Neuropathological findings showed: spongiform change in the patient’s cerebral cortex, striatum, thalamus and molecular layer of the cerebellum with proteinase K-sensitive synaptic-like, dot-like or target-like prion protein deposition in the cortex, thalamus and striatum; proteinase K-resistant prion protein in the same regions; and elongated plaque-like proteinase K-resistant prion protein in the molecular layer of the cerebellum. Molecular analysis of prion protein after proteinase K digestion revealed decreased signal intensity in immunoblot, a ladder-like protein pattern, and a 71% reduction of PrPSc signal relative to non-digested material. Her cerebellum showed a 2A prion protein type largely resistant to proteinase K. Genotype of polymorphism at codon 129 was valine homozygous.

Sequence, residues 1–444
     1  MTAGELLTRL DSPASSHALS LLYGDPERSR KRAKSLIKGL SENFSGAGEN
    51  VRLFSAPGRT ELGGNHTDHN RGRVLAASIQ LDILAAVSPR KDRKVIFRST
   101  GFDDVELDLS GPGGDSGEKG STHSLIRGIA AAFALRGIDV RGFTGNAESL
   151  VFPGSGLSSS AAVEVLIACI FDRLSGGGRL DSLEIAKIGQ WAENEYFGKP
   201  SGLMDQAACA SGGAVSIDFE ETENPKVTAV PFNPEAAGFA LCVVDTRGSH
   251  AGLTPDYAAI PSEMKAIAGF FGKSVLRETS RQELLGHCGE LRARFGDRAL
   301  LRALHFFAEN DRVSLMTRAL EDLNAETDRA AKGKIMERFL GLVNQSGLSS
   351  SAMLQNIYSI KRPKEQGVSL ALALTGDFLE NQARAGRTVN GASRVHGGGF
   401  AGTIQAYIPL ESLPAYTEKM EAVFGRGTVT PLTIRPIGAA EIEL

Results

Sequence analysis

Molecular typing of prion protein along with clinical and neuropathological data revealed, to the best of our knowledge, the first case of the coexistence of different protease-sensitive prion proteins in the same patient in a rare case that did not fulfill the current clinical diagnostic criteria for either probable or possible sporadic Creutzfeldt–Jakob disease. This highlights the importance of molecular analyses of several brain regions in order to correctly diagnose rare and atypical prionopathies.
Creutzfeldt–Jakob; Prion; Protease resistance; Resistant PrP; Sensitive PrP; Variably Protease Sensitive Prionopathy